Discovering the host-microbe interactions in a 3D environment

The project aims to develop a brand new technology, which functions as a framework to analyse the data at the microscale. The resulting technology will allow researchers “to see”, in 3D, the interactions between microbes and other microbes as well as with the host, hence the project’s name, 3D’omics.


And scientists are in need of a new methodology to progress in the understanding of the intricate interactions on micro scale, explains Antton Alberdi.


“An analogy of the current procedures used for analysing intestinal microbial communities would be to collect trees and birds in the Amazon rainforest, mix them all in a giant blender, extract DNA from the mixture to reconstruct their genomes, and finally try to determine which bird nests on which tree. Clearly, the approach can be improved,” he says.


By generating high-quality imaging and molecular data, the scientists will be able to reconstruct the interactions among bacteria as well as between bacteria and animal hosts while accounting for their three-dimensional spatial features.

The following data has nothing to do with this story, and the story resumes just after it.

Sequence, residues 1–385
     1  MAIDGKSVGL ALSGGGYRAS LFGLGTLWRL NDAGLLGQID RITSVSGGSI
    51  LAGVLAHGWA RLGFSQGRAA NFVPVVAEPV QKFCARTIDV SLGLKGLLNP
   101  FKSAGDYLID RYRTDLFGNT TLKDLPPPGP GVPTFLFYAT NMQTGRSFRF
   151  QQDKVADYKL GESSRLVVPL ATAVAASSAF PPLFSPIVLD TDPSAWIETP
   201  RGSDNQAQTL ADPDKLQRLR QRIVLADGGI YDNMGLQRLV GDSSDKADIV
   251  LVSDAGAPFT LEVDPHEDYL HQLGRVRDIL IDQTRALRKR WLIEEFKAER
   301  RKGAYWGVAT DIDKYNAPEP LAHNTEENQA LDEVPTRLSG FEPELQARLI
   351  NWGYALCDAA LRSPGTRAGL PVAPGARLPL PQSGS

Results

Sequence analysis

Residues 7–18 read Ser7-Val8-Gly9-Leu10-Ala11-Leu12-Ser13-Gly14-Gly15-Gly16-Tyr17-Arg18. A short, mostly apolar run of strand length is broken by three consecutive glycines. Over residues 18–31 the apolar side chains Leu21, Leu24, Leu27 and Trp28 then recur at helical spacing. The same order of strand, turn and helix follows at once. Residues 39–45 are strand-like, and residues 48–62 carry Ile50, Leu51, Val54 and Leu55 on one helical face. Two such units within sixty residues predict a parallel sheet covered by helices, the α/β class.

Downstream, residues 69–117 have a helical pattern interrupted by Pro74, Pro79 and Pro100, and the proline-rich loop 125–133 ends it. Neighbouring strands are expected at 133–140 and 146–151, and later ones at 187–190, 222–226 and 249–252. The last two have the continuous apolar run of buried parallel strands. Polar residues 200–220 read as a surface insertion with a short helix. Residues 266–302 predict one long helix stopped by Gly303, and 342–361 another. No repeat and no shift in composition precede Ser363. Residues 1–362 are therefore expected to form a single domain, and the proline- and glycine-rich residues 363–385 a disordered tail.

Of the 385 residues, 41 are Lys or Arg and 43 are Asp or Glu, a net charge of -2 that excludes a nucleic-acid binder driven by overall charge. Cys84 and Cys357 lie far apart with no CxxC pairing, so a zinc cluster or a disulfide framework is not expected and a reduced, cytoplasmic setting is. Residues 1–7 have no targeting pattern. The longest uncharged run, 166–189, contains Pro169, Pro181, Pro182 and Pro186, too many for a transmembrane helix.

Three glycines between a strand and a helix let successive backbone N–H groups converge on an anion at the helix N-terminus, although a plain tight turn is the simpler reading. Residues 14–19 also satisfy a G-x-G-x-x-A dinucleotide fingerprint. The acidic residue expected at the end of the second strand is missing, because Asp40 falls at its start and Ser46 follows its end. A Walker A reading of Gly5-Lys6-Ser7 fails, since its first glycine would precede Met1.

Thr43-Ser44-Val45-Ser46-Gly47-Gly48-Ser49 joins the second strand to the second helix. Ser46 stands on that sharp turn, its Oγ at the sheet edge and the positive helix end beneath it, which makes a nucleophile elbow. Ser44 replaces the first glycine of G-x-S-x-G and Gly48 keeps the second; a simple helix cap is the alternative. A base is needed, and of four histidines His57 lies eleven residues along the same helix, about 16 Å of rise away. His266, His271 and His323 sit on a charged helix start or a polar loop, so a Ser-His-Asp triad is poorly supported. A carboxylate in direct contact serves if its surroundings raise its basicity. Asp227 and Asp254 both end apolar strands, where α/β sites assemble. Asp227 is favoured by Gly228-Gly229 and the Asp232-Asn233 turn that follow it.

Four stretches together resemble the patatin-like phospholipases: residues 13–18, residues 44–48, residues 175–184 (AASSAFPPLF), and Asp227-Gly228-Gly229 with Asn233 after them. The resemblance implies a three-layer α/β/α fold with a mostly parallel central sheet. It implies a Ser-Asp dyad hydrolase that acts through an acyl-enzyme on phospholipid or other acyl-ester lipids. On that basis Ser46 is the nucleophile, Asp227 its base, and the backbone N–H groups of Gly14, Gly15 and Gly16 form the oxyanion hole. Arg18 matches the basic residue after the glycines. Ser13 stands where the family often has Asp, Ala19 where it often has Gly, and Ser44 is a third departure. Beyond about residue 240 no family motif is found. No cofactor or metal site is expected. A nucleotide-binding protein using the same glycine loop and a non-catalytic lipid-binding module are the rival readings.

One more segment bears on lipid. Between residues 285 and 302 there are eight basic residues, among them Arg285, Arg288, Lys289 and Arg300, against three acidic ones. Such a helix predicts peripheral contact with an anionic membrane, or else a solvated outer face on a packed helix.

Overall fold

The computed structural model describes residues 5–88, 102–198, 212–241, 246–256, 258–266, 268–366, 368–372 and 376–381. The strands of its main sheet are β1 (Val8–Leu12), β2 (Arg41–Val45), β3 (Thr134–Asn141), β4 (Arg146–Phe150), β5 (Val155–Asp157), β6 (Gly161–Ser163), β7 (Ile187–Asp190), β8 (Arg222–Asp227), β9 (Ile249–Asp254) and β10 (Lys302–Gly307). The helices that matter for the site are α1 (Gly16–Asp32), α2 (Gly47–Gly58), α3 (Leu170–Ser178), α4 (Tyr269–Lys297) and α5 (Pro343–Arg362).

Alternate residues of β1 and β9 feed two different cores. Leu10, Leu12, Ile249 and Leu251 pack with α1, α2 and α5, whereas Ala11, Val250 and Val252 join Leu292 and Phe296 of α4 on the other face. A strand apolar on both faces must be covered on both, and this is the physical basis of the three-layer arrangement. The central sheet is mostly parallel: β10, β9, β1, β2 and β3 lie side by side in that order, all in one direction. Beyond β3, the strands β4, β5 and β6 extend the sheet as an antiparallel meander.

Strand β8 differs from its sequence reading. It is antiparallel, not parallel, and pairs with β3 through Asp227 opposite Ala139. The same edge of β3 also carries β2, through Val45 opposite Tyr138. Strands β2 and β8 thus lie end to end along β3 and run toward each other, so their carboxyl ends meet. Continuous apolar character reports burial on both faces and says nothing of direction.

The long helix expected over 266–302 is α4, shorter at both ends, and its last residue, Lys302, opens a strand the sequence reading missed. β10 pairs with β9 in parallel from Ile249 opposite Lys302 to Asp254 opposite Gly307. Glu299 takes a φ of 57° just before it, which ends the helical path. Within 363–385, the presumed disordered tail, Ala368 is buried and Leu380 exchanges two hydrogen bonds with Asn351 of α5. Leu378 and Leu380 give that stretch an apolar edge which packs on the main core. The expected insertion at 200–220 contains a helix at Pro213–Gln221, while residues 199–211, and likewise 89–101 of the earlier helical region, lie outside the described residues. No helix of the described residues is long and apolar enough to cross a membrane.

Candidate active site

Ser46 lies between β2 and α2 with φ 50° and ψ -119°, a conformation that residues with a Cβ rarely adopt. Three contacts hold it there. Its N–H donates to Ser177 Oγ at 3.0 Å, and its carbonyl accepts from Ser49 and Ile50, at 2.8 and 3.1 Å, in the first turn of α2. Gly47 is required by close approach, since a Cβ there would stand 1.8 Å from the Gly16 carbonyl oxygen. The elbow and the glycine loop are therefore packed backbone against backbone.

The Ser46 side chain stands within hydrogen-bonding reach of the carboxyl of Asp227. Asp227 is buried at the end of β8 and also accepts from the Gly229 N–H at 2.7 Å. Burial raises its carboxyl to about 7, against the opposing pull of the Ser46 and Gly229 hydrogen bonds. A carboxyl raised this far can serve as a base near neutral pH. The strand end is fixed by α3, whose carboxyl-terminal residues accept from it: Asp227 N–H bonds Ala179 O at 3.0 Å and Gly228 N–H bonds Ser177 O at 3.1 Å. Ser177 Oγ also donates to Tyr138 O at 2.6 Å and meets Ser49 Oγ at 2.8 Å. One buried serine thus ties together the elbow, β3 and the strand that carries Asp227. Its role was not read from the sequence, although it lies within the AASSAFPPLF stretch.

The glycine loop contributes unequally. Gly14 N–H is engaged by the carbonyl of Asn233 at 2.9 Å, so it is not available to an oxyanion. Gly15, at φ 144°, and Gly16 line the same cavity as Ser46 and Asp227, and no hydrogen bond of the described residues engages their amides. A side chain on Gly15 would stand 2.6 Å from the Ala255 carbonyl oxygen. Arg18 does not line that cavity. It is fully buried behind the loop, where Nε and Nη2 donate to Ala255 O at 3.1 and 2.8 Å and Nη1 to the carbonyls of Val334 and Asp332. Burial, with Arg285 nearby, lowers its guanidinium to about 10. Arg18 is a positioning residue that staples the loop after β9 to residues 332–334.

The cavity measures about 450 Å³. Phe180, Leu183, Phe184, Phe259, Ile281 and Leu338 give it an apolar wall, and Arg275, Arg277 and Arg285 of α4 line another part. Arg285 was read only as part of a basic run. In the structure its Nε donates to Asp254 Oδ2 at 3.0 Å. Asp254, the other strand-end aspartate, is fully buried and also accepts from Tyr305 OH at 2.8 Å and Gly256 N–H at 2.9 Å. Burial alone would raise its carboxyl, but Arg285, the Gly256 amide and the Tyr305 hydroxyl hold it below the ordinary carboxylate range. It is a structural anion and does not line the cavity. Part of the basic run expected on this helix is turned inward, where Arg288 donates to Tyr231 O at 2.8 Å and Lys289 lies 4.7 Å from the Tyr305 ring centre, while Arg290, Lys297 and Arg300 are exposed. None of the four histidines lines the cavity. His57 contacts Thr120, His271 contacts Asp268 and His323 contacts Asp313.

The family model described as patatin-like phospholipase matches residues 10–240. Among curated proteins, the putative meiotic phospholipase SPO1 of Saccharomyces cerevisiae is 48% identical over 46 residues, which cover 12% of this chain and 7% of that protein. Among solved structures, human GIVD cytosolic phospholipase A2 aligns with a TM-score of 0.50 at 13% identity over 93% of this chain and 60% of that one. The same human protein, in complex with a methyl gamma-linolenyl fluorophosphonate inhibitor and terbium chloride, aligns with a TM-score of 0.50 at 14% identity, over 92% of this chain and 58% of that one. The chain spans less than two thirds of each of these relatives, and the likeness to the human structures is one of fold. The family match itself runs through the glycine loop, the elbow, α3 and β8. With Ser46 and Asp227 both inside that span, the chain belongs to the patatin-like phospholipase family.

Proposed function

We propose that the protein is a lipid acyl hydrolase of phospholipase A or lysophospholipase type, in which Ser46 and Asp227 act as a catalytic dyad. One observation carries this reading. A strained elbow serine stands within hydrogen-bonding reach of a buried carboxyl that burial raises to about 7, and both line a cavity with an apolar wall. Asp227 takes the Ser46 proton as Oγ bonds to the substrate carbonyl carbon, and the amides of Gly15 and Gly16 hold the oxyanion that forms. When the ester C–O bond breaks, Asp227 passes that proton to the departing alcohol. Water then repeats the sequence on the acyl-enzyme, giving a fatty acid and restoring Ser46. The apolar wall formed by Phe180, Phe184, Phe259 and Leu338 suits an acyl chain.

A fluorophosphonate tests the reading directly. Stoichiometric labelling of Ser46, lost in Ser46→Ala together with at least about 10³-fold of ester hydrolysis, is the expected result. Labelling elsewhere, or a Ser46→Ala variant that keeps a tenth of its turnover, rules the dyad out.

The technology will combine different types of biological data, including fluorescence imaging, bacterial genome sequencing, gene expression data and metabolomics, to reconstruct the biomolecular interactions of bacteria and animal intestinal cells in three dimensions.


“Our lab will be responsible of integrating the multi-omics data obtained by our partners to build 3D models of the animal-microbiota interactions. We hope that 3D’omics will benefit from our broad expertise on the development and application of computational methods for predicting the 3D structures of macromolecules and their complexes”, says Marc A. Marti-Renom, group leader at CNAG-CRG and CRG and ICREA research professor.


“3D’omics is structured in three stages,” explains Antton Alberdi.

“In the first stage, the consortium will develop and optimise the 3D’omics technology, from the field to data analysis, through the interdisciplinary collaboration of multiple partners with very different expertises,” he says.